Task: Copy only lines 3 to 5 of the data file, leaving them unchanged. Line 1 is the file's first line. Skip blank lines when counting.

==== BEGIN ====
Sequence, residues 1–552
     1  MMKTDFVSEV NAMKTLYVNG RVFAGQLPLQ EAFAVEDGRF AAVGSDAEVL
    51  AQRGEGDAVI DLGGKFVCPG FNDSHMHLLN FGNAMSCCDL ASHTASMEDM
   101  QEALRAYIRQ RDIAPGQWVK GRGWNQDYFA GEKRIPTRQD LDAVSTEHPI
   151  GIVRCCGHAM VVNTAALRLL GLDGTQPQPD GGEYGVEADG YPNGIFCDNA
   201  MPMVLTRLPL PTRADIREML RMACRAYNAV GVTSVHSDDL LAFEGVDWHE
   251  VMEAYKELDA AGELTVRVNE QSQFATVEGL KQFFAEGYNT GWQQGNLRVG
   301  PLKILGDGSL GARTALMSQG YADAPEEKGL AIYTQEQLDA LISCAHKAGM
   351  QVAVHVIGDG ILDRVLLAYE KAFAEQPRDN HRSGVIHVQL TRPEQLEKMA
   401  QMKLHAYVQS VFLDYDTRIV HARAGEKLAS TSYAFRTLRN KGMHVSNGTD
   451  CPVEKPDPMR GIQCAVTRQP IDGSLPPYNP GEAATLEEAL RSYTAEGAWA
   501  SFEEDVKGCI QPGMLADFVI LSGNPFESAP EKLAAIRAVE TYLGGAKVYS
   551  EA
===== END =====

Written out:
    51  AQRGEGDAVI DLGGKFVCPG FNDSHMHLLN FGNAMSCCDL ASHTASMEDM
   101  QEALRAYIRQ RDIAPGQWVK GRGWNQDYFA GEKRIPTRQD LDAVSTEHPI
   151  GIVRCCGHAM VVNTAALRLL GLDGTQPQPD GGEYGVEADG YPNGIFCDNA